By George Basler
Any list of America’s greatest plays is bound to have Tennessee Williams’ A Streetcar Named Desire near the top. The 1947 play, which charts the mental deterioration of its main character, won the Pulitzer Prize for drama and later became a prize-winning movie.
The play also achieved legendary status in the theatrical world in large part because it made Marlon Brando a star and ushered in a new breed of anti-heroes. Even people unfamiliar with the play have probably seen the photo of young Brando in his Streetcar role, complete with his tight-fitting T-shirt and brooding stare.
So, the Endicott Performing Arts Center is taking on a challenge in staging the play which opened Thursday and runs through Sunday (Nov. 10-13) in EPAC’s Robert Eckert Theater. The production, directed by EPAC Artistic Director Patrick Foti, is respectable but uneven. It has its strengths but also some problematic elements that undercut the power of Williams’ play.
Streetcar takes place in a dingy New Orleans apartment where Blanche DuBois, a faded Southern belle, has come to live with her sister, Stella, and Stella’s husband, Stanley, after being forced to leave her hometown for reasons that the play gradually reveals.
Blanche and Stanley take an instant dislike to each other that accelerates with tragic results during the play’s three acts.
The success, or failure, of a Streetcar production depends to a large extent on who plays Blanche, the main role. EPAC is fortunate in this regard, because Jean Graham gives a strong performance as the multi-faceted character.
As written by Williams, Blanche is a mixture of hauteur and vulnerability. Her emotional fragility and loneliness earn the audience’s sympathy. But she also relishes taunting Stanley and is a master manipulator who works to deceive the play’s other characters.
Graham plays both those aspects well. Her gestures and facial expressions give the character a haunted quality as Blanche moves from reality to romantic illusions and back again. Graham is especially effective in a scene at the end of Act I in which Blanche recounts the suicide of her gay husband, a suicide she was responsible for and which triggered her emotional deterioration. It’s a shattering moment, as it should be.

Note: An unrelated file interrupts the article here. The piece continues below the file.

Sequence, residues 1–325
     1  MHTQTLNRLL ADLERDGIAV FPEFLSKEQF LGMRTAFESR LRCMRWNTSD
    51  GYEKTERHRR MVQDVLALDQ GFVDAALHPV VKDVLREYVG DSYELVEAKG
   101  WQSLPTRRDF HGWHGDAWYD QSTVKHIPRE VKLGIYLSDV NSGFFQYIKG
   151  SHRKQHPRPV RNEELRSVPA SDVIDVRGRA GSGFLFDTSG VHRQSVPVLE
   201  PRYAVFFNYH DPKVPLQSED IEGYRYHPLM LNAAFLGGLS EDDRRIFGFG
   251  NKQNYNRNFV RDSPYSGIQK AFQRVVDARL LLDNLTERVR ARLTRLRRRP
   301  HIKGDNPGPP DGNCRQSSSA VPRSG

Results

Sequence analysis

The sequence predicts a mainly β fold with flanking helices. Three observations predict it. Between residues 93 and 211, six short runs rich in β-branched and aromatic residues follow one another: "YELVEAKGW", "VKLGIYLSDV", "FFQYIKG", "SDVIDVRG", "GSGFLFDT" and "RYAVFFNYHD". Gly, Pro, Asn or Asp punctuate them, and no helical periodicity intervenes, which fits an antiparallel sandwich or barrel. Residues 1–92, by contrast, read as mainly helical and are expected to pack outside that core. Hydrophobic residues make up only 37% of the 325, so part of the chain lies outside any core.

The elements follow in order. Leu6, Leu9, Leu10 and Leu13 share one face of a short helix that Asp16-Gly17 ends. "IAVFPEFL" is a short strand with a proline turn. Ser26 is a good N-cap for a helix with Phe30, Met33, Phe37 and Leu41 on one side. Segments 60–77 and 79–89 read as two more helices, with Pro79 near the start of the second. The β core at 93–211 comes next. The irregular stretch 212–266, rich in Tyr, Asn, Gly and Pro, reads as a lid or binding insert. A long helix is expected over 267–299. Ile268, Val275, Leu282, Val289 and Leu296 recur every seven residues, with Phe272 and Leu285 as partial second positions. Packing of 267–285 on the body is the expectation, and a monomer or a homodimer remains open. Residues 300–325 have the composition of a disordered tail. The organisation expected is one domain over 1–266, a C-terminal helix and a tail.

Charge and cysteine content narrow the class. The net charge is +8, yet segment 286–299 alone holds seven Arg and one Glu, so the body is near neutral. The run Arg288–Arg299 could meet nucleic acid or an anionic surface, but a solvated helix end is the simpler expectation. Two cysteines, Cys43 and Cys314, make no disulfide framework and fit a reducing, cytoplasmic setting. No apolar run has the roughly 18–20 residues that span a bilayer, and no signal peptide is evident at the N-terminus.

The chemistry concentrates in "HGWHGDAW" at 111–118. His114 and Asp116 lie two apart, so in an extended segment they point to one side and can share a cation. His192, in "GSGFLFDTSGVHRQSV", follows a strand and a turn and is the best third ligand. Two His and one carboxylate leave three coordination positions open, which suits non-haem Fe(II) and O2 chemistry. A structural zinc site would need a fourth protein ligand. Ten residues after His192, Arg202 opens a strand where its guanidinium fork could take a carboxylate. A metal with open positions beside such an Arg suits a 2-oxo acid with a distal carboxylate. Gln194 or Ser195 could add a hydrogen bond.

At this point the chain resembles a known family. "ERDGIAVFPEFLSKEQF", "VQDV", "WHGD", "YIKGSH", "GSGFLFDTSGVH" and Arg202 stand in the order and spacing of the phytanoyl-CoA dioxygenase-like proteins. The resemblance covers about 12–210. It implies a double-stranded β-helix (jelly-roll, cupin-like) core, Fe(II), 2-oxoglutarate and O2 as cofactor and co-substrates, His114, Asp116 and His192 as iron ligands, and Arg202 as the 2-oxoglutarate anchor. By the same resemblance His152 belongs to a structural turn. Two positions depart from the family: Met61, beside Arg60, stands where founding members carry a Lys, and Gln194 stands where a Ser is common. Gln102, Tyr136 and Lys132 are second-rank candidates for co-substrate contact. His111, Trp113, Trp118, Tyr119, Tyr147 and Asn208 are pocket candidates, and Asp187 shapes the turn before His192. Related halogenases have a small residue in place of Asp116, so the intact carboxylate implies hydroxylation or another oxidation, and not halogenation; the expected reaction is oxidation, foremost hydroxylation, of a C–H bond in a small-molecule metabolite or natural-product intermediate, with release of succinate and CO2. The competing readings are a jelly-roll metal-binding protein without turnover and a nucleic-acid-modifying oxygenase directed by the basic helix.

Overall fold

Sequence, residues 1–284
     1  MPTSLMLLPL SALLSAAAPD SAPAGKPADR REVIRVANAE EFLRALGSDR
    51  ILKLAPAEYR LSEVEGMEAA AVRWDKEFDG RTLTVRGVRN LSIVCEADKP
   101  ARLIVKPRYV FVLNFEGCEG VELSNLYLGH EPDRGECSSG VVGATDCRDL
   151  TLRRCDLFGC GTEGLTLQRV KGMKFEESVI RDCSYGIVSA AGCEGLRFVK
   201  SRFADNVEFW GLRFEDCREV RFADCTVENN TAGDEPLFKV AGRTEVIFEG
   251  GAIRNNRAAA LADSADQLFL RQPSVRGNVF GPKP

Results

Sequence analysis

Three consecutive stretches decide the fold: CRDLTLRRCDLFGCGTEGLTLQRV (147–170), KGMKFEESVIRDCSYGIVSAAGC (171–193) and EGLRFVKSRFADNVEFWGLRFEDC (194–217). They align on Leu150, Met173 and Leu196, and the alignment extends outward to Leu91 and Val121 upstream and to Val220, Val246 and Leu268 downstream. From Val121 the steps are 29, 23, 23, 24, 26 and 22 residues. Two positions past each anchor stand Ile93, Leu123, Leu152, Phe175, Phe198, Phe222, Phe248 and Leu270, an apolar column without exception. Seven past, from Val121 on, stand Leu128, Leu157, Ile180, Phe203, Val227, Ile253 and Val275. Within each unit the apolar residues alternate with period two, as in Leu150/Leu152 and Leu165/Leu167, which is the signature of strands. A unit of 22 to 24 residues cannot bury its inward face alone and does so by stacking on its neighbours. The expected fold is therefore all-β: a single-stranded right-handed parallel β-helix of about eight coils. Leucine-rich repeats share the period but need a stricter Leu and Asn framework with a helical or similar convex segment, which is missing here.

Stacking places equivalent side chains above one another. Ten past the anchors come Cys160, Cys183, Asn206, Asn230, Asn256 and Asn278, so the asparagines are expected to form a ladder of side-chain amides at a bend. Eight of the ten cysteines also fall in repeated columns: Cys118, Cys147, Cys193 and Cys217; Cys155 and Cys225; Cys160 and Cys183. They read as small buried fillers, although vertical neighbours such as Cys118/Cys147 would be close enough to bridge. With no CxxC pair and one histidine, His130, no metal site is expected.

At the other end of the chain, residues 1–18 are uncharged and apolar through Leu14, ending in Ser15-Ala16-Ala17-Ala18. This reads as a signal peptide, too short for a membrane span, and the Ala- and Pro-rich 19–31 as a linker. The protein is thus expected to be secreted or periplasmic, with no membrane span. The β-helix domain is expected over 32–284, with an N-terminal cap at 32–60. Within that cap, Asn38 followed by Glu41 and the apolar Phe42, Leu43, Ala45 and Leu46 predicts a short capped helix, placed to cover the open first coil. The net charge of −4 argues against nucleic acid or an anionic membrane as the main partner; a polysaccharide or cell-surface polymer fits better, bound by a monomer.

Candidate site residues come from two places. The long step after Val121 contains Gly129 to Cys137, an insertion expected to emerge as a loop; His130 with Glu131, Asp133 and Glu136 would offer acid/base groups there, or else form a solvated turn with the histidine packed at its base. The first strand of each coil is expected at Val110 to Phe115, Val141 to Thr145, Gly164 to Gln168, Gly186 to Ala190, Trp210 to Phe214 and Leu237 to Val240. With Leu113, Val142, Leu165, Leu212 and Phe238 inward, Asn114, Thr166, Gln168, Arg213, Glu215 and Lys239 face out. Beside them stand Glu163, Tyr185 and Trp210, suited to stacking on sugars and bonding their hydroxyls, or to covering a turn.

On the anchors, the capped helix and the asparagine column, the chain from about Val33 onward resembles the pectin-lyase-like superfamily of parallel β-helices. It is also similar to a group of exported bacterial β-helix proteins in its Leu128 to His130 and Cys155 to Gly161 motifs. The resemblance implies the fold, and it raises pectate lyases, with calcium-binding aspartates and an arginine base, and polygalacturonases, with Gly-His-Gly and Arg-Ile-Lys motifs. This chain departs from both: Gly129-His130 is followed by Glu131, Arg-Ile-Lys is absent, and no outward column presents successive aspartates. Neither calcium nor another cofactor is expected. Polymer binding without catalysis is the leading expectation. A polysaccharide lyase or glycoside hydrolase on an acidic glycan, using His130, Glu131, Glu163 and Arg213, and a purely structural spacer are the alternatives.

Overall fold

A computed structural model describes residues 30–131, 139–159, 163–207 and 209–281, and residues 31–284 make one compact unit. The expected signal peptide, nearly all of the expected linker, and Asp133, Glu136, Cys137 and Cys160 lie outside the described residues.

Where Graham falls a bit short is near the end, when Blanche reaches the point of total collapse. Graham doesn’t quite catch the heartbreaking quality of the scene. She downplays the moment, and Foti directs it with a certain laxness.
The most questionable part of the production, though, is the casting of Pierre O’Farrell in the role of Stanley. It’s not that O’Farrell is a bad actor. He conveys a strong sense of danger with his performance, and that’s all to the good. But the hard fact is that he’s too old to play the character.
That’s not his fault. Nor is it his fault that the role is so identified with Brando’s brooding sexuality that any actor gets stuck with this template.
Still, O’Farrell’s age and lack of animal magnetism is jarring and dilutes the strong sensual and sexual overtones of the play. This is especially true in his scenes with his wife, Stella, played by Kylee Thetga. To make any sense of their relationship, Stella must be in the grip of a raw sense of lust for her abusive husband that keeps her coming back for more.
But any sense of lust is lacking in the EPAC production. The fact that O’Farrell looks much older than Thetga doesn’t help matters.
O’Farrell has his strengths, though. He plays Stanley’s simmering anger with great skill, and his cool vindictiveness is striking. The performance makes your skin crawl at times as the character glories in his brutality towards Blanche.
Williams himself has said, “The play is about the ravishment of the tender, the sensitive, the delicate, by the savage and brutal forces of modern society.” O’Farrell plays that brutal force to the hilt.
As Stella, Thetga effectively presents her character’s inner turmoil as she is torn between her love for her sister and her obsession with Stanley. Her portrayal of guilt at the end of the play is especially fine.
Matt Gaska is totally believable as Stanley’s sweet, but hapless, friend, Mitch, who becomes Blanche’s beau. His cool anger when he finds out that Blanche has deceived him about her past is shattering. The character is a decent man trapped by his life’s circumstances, and Gaska plays it well.
Deb Malllen does a good job in the smaller role as Stella’s sympathetic upstairs neighbor.
The EPAC production may have its misteps, but the power of Williams’ play comes through. It’s a commendable effort.
IF YOU GO: A Streetcar Named Desire finishes its run tonight and tomorrow at the Endicott Performing Arts Center, 102 Washington Ave., Endicott. Tonight’s performance is at 8 p.m. and Sunday’s is at 3 p.m. Tickets are $20 ($18 for ages 65+). Purchase tickets online at www.endicottarts.com at “Upcoming Events,” call 607-785-8903 or visit the EPAC box office.